There's nothing like humor, sass, and a Texas twang to really get me hooked on a book. Did I mention the neighbor is a hot cowboy? Ok, he's a little cranky especially where Amy's concerned, but she's no wilting violet (though she has a cousin Violet... still, none of the Goodnight women sound like the wilting kind).

Amy and her gorgeous older sister Phin (short for Delphinium--do you sense a theme?) are smart, fairly responsible young people who are spending the summer taking care of their aunt's farm, which happens to be smack in the middle of Cute Cranky Cowboy's ranch. (Er, not the character's real name. Everyone who's not Amy calls him Ben McCulloch.)

So while they do get into some scrapes of both the realistic and otherworldly varieties, they've both got the brains and guts to get themselves out of trouble. I really enjoyed them. There are some great side characters, too, like the ghost of their late Uncle Burt, Ben's grampa Mac McCulloch, and the students volunteering at a dig site on the ranch. Think Scooby-Gang lite.

Aside from writing a great cast of characters, Clement-Moore does a great job of interspersing magic, science, and history to tell a hell of an entertaining tale. For a ghost story, it wasn't that scary (but then, the last time I really got creeped out by a book was The Shadow of the Wind and that was a few years ago) but the family dynamic, romance, and mystery were spot on. Pour yourself an ice-cold Dr. Pepper and prop your feet up on the porch to enjoy this fun summer read to the fullest. 



Visit the author online at www.rosemaryclementmoore.com and follow @rclementmoore on Twitter.

27 July, 2011

Peter and Max - Review


Peter & Max by Bill Willingham
with illustrations by Steve Leialoha
Publication date: 13 October 2009 by Vertigo
ISBN 10/13: 1401215734 | 9781401215736

Category: Young Adult Fantasy
Format: Hardcover (also available in eBook, Kindle and audiobook)
Keywords: Revenge, Siblings, Fairytales, Folktales, Fables


Thuy's review:

Peter & Max is a stand alone novel set in the Fables-universe of author Bill Willingham. Fans of Fables will be familiar with the folk and fairy tale personalities that show up in the story. However, those who haven't read the series need not worry. You don't need to be a fan of even very familiar with Fables in order to enjoy the book (though you should be, so do yourself a favor and pick up Fables asap ;).

Peter & Max is the story of Peter and Max Piper of Pied Piper fame. Their entire family is part of a traveling minstrel show. One dark night, soldiers invade their lands the family is torn apart. Alone and scared, Peter becomes a thief to survive. Max, having gone down a dark path, works to perfect his dark magic. He vows that one day, he will find and kill Peter, taking the flute which he believes should have rightfully been passed down to him. Hundreds of years pass and Peter is living a quiet life in a new world with his wife, Bo Peep, when he learns that Max has been spotted. Knowing the death and darkness that Max brings, Peter leaves on a quest to find his long lost brother and end their feud once and for all.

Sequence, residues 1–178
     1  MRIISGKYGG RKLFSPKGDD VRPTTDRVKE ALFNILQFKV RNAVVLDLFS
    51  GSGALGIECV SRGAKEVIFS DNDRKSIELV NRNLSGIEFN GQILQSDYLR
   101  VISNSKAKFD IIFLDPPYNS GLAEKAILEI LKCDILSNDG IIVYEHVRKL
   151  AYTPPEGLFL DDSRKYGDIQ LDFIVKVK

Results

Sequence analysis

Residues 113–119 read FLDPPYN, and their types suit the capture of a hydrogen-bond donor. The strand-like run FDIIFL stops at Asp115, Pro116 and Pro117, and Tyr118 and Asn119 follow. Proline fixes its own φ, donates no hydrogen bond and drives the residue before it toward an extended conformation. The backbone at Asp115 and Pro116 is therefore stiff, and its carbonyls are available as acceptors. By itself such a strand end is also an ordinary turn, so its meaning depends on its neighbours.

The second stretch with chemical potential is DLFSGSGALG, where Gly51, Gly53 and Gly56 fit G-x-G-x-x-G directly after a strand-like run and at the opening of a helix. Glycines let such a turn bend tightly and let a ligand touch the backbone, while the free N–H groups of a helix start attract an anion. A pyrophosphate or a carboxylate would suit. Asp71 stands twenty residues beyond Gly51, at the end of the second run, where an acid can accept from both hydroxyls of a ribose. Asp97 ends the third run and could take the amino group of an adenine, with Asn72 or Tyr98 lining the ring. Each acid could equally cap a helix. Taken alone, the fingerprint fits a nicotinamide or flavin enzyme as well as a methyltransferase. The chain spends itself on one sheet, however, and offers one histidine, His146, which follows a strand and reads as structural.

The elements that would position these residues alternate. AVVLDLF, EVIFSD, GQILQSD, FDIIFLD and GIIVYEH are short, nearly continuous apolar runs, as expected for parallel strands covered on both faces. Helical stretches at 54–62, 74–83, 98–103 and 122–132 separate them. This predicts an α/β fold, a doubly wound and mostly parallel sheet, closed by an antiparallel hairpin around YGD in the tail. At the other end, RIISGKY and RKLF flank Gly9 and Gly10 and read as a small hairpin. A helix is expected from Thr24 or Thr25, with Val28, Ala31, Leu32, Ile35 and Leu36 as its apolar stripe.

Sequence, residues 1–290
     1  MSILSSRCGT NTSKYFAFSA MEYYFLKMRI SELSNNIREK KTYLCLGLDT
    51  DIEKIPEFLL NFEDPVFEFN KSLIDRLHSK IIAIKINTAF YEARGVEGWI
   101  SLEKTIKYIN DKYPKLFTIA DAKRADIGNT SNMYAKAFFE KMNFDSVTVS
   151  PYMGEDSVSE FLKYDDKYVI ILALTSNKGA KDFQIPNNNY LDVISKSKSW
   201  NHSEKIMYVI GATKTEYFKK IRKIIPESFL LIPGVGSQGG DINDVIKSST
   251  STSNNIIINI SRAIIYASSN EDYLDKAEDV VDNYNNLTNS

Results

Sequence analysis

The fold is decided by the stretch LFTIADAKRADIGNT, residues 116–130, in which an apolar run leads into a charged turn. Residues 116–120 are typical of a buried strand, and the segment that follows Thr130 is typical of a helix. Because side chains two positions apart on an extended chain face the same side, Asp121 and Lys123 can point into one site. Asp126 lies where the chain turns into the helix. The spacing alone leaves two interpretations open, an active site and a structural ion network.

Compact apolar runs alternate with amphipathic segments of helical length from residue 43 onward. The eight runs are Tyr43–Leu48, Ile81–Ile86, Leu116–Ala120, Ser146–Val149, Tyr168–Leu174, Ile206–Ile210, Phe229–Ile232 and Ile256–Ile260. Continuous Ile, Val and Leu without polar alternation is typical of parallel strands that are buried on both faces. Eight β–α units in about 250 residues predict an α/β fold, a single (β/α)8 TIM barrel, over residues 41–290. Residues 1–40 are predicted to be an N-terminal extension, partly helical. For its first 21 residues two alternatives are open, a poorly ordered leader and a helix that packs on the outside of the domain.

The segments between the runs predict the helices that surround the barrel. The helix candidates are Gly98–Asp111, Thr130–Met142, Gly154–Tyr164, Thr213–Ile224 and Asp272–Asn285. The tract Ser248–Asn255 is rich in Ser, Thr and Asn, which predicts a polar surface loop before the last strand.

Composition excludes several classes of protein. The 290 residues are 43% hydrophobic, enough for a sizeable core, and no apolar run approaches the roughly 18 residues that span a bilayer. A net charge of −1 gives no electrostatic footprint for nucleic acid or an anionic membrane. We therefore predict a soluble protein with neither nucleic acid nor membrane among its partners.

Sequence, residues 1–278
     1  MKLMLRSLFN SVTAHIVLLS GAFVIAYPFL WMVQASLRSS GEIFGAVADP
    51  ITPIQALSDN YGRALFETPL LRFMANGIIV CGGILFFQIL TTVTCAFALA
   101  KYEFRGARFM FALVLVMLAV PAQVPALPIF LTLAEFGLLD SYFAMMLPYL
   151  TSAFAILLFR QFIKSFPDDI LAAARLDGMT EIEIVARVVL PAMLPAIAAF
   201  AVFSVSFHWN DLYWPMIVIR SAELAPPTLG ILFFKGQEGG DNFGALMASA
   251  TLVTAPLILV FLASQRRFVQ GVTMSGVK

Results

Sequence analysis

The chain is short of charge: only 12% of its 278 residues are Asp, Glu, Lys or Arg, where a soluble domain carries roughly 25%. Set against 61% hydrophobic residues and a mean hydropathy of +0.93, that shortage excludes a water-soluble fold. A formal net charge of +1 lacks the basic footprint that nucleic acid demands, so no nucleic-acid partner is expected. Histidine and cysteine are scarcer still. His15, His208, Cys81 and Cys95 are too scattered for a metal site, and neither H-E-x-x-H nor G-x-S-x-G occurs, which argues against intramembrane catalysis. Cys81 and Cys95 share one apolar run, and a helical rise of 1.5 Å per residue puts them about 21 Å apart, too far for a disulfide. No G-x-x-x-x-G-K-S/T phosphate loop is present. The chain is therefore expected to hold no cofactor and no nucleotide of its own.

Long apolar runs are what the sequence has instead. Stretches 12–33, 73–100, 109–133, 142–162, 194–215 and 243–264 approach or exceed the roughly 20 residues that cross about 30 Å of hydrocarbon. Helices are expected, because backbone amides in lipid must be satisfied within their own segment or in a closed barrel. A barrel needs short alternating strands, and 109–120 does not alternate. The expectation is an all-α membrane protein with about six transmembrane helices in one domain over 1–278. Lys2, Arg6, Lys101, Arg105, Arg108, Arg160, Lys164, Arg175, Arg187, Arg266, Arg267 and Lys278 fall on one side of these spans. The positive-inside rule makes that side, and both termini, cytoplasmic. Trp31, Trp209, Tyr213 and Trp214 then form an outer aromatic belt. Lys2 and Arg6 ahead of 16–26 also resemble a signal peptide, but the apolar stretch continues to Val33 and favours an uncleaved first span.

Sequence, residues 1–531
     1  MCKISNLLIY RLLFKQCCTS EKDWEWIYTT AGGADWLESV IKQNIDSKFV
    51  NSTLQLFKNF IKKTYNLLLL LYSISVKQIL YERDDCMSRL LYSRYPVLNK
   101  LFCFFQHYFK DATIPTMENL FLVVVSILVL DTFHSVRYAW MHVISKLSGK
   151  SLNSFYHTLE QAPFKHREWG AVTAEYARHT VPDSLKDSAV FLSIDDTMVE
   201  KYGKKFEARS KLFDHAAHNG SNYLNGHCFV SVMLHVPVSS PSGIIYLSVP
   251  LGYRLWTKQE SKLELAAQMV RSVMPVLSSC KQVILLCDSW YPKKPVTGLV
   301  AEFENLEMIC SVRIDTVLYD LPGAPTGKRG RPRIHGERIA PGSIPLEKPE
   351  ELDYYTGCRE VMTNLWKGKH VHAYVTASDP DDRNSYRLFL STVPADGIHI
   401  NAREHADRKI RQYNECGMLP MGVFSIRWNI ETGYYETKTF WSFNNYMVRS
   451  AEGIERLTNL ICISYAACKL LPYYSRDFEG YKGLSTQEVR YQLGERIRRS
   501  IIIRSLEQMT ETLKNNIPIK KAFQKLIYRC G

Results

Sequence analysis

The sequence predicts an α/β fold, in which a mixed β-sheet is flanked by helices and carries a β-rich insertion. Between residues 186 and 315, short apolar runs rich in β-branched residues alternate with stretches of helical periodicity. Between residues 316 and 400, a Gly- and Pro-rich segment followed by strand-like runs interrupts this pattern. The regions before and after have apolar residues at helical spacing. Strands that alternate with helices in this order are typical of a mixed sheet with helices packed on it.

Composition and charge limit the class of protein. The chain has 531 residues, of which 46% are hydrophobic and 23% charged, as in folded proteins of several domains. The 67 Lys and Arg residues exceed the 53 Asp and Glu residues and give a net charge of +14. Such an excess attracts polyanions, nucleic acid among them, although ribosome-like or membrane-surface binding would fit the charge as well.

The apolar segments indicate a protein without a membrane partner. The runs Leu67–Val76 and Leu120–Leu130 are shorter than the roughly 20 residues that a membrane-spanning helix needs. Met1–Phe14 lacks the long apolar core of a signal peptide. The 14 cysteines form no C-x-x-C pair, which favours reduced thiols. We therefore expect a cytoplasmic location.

I didn't know much about the legend of the Pied Piper before reading this book. Most of what I remember is from an old Tom & Jerry cartoon. However, I was quickly pulled into the story of Peter Piper and his brother Max. The story shifts perspective between Peter and Max and we see through each of their eyes the events that end up shaping them and eventually pulling them apart. Max's descent into darkness is fascinating to watch and he definitely creeped me out.

Willingham does a fine job of translating the Fables world into a full length book. He blends what we already know about a story with his own ideas so that it is one seamless world. Like many traditional fairy tales, Peter and Max is at times dark and violent. It's a world where wondrous and terrible things happen and where not every ending is a happy one. Lovely black and white illustrations by Steve Leialoha add to its storybook quality. For Fables fans it's a nice addition to the universe. For fans of dark fairy tales or modern retellings of classic tales, it's a quick and fun read.

say "twee"!




Visit the author at http://www.billwillingham.com.

Check back soon for Thuy's recap of her trip to the 2011 San Diego Comic-Con!

20 July, 2011

Sister Mischief @lauragoode - Review


Sister Mischief by Laura Goode
Publication date: 12 July 2011 by Candlewick Press
ISBN 10/13: 0763646407 | 9780763646400

Category: Young Adult Realistic Fiction
Format: Hardcover (Also available on Kindle)
Keywords: Hip hop, GLBT, suburbia



Alethea's review:

I can't do a better blurb than the one that's already on the jacket, so here it is, from goodreads.com:

A gay suburban hip-hopper freaks out her Christian high school - and falls in love - in this righteously funny and totally tender YA debut, for real.
Listen up: You’re about to get rocked by the fiercest, baddest all-girl hip-hop crew in the Twin Cities - or at least in the wealthy, white, Bible-thumping suburb of Holyhill, Minnesota. Our heroine, Esme Rockett (aka MC Ferocious) is a Jewish lesbian lyricist. In her crew, Esme’s got her BFFs Marcy (aka DJ SheStorm, the butchest straight girl in town) and Tess (aka The ConTessa, the pretty, popular powerhouse of a vocalist). But Esme’s feelings for her co-MC, Rowie (MC Rohini), a beautiful, brilliant, beguiling desi chick, are bound to get complicated. And before they know it, the queer hip-hop revolution Esme and her girls have exploded in Holyhill is on the line. Exciting new talent Laura Goode lays down a snappy, provocative, and heartfelt novel about discovering the rhythm of your own truth.
I cried about 6 times in 360 pages, and I laughed about 30 times or more. Esme's voice is so vivid that I felt every twinge of hurt and every sweet burst of joy she experienced. I loved that she's a booklover, and a biker, and a writer. I loved the way she thinks! Though I have to admit, at times some of the lyrics sounded weak to me (this, from a brain mostly hardwired more for showtunes than hip-hop--I'm no expert, is what I'm saying) they got progressively stronger throughout the book. And anything I might have found lacking in the lyrics, the prose made up for in spades.